Initially, to examine the contribution of theanine in anaphylactic reactions, we used an in vivo model of systemic anaphylactic reaction. Compound 48/80 (8 mg/kg) was used as a systemic fatal anaphylaxis inducer. After injection with compound 48/80, the mice (n = 8/each group) were monitored for 30 min, and then the mortality rate was determined. As shown in Table 1, an oral administration of saline as a control induced a fatal reaction in 100% of each group. When the theanine was orally administered at concentrations ranging from 0.01 to 1 mg/kg for 1 h, the mortality from compound 48/80 was dose-dependently reduced. Treatment with theanine (1 mg/kg) alone induced no physiological differences by appearance. DSCG, mast cell stabilizer, also inhibited mortality in a dose-dependent manner. We also tested the effect of dexamethasone (0.5 and 5 mg/kg) used as a positive control in this study. As a result, the anti-allergic effect of theanine 1 mg/kg was higher than that of dexamethasone at 0.5 and 5 mg/kg doses. A previous study showed that compound 48/80 significantly induced an ear swelling response. As shown in Table 2, when mice were pretreated with theanine for 1 h, the ear swelling response derived from compound 48/80 was significantly reduced in a dose-dependent manner (p < 0.05).
Table 1

Effect of theanine on compound 48/80-induced systemic anaphylactic reaction in mice

Dose (mg/kg)

Compound 48/80 (8 mg/kg)

Mortality (%)

Saline

+

100.00

DSCG 0.01

+

100.00

DSCG 0.1

+

50.00*

DSCG 1

+

0.00*

Dexa 0.5

+

25.00*

Dexa 5

+

20.00*

Theanine 0.01

+

50.00*

Theanine 0.1

+

33.33*

Theanine 1

+

0.00*

Theanine 1

0.00

The groups of mice were orally pretreated with 200 μl of saline, theanine, DSCG, or dexamethasone. Theanine was given at various doses 1 h before compound 48/80 was injected intra-peritoneally (n = 8/each group). Mortality (%) is expressed as ‘Numbers of dead mice × 100/Total numbers of experimental mice’. Each experiment was carried out at least three times

Dexa dexamethasone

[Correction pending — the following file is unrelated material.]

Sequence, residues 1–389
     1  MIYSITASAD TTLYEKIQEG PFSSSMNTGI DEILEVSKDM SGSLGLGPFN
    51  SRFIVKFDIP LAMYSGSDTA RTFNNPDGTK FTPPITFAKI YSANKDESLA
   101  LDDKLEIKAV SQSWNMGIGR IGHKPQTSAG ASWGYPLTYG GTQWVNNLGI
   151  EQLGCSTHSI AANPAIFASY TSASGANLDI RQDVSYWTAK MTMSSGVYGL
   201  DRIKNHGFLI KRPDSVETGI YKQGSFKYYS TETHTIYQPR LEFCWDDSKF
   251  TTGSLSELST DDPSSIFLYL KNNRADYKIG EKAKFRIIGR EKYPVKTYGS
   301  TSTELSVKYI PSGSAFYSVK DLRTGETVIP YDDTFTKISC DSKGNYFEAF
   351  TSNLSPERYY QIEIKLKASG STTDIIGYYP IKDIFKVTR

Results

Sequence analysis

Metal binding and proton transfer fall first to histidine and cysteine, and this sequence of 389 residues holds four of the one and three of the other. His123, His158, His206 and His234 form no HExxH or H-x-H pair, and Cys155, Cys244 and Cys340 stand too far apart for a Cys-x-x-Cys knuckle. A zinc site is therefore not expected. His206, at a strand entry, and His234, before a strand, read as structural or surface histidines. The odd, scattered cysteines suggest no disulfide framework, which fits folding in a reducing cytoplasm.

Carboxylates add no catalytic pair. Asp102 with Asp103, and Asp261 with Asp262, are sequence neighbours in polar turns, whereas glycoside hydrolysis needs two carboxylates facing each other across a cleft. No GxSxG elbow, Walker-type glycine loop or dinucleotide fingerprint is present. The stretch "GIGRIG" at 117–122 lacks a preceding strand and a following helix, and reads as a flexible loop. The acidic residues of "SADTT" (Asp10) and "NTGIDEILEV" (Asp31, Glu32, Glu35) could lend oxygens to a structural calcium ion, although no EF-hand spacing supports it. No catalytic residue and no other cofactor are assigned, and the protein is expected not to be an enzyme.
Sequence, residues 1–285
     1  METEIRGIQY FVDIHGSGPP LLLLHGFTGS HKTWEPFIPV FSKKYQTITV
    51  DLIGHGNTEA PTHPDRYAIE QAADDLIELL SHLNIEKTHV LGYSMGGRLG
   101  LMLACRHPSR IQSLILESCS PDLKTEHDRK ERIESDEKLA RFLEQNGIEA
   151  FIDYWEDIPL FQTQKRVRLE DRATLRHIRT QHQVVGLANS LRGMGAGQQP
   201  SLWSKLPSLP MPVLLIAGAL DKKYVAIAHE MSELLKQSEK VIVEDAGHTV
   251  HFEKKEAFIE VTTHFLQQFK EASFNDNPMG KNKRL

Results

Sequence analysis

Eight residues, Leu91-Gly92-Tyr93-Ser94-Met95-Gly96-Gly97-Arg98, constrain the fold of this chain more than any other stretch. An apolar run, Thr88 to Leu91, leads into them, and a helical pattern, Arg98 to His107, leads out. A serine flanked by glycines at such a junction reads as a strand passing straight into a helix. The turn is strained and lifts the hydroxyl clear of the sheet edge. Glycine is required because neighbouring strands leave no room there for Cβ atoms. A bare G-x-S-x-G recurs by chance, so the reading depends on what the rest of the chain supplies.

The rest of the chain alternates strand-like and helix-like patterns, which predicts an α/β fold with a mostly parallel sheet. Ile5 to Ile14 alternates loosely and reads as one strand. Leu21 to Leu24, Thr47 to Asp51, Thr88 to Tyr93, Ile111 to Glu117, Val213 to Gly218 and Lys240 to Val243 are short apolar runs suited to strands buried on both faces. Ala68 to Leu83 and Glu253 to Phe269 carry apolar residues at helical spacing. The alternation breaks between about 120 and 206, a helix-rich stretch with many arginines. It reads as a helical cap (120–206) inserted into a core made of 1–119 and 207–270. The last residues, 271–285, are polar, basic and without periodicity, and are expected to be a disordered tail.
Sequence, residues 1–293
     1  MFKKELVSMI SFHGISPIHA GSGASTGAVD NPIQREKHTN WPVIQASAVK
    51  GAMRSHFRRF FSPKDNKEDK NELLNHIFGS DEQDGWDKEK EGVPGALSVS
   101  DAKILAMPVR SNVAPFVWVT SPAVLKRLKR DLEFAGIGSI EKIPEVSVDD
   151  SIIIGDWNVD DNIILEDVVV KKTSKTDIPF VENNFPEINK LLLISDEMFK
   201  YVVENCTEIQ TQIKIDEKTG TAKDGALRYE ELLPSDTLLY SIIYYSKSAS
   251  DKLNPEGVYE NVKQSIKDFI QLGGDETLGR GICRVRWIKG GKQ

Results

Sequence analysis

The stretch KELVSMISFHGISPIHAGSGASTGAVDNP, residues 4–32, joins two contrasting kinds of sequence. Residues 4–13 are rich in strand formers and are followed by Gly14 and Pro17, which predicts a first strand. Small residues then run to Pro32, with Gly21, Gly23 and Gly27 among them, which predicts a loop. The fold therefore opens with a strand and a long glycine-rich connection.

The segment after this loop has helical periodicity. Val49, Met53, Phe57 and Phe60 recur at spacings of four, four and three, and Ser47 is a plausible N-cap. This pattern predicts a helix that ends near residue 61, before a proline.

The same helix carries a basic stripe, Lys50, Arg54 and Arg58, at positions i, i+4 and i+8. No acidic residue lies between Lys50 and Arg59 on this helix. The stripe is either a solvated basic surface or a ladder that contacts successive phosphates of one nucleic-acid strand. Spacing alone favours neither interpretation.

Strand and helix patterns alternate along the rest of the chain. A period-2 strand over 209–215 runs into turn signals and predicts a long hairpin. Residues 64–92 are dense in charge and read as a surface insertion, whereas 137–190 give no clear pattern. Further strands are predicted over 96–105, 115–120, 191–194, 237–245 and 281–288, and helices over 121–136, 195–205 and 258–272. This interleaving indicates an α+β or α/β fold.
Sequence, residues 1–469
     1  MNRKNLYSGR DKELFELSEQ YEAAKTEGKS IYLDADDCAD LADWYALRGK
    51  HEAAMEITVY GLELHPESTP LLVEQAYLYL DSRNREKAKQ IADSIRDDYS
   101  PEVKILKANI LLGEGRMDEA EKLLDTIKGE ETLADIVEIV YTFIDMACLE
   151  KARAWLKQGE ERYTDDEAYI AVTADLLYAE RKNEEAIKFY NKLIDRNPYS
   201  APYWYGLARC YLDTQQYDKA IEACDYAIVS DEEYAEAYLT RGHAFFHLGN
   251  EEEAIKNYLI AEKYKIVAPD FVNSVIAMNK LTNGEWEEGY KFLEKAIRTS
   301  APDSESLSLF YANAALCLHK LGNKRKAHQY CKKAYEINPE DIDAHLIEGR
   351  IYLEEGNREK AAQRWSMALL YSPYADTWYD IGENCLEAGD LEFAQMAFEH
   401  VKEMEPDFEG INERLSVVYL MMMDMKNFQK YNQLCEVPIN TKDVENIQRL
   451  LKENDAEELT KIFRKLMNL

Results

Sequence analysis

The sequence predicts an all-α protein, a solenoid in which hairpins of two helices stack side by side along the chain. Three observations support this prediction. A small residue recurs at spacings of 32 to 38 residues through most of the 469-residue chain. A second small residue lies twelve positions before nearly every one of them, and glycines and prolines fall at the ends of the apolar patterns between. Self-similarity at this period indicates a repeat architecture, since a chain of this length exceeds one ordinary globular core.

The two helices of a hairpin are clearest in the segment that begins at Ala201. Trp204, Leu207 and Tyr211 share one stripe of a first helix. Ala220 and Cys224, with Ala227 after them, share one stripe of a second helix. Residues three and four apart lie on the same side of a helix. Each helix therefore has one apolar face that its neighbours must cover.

p < 0.05 significantly different from the saline value

Table 2

Effect of theanine on compound 48/80-induced ear-swelling response in mice

Dose (mg/kg)

Thickness (mm)

Inhibition (%)

Saline

0.2674 ± 0.0077

Theanine 0.01

0.2072 ± 0.0026*

22.51

Theanine 0.1

0.1912 ± 0.0025*

28.49

Theanine 1

0.1490 ± 0.0018*

44.28

The mice were orally administered with the indicated concentrations of theanine for 1 h prior to compound 48/80 application (100 μg/site). Values are means ± SEM, n = 3 for each experiment. Each experiment was carried out at least three times

p < 0.05 significantly different from the saline value

Effect of theanine on PCA

Another way to test anaphylactic reactions is to induce PCA. When theanine was orally administered to mice, the PCA reaction was significantly inhibited in a dose-dependent manner. Theanine pharmaceutical acupuncture also significantly inhibited the PCA reaction (Fig. 1).
https://static-content.springer.com/image/art%3A10.1007%2Fs00726-011-0847-9/MediaObjects/726_2011_847_Fig1_HTML.gif
Fig. 1

Effect of theanine on PCA. Theanine (0.01, 0.1, and 1 mg/kg) was administered orally 1 h prior to the challenge with antigen (DNP-HSA).Theanine pharmaceutical acupuncture (1 mg/kg) was also treated prior to the challenge with antigen. Values are means ± SEM of three independent experiments (n = 9/each group). *p < 0.05 significantly different from the saline value. TPA theanine pharmaceutical acupuncture (1 mg/kg)

Effect of theanine on histamine release

We investigated the inhibitory effects of theanine on compound 48/80-induced histamine release from RPMCs and HMC-1 cells (Table 3). Theanine significantly inhibited compound 48/80-induced histamine release at 1 μM (p < 0.05).
Table 3

Effect of theanine on histamine release from RPMCs and HMC-1 cells

Dose (μM)

RPMCs

HMC-1 cells

Amount of histamine release (ng/ml)

Inhibition (%)

Amount of histamine release (ng/ml)

Inhibition (%)

Com 48/80

 Saline

337.40 ± 4.21

100.00

59.43 ± 0.41

100.00

 Theanine 0.01

335.13 ± 2.75

0.67

54.40 ± 0.80

0.85

 Theanine 0.1

314.85 ± 2.44

6.68

49.00 ± 0.15

17.55

 Theanine 1

263.12 ± 16.47*

22.02

47.33 ± 0.63*

20.41

Theanine was given at various doses before compound 48/80. The histamine content was measured by the o-phthalaldehyde spectrofluorometric procedure, as described. The fluorescent intensity was measured at 440 nm. Values are means ± SEM of three independent experiments

Com 48/80 compound 48/80

p < 0.05 significantly different from the saline value

Effect of theanine on PMACI-induced inflammatory cytokine secretion and mRNA expression in HMC-1 Cells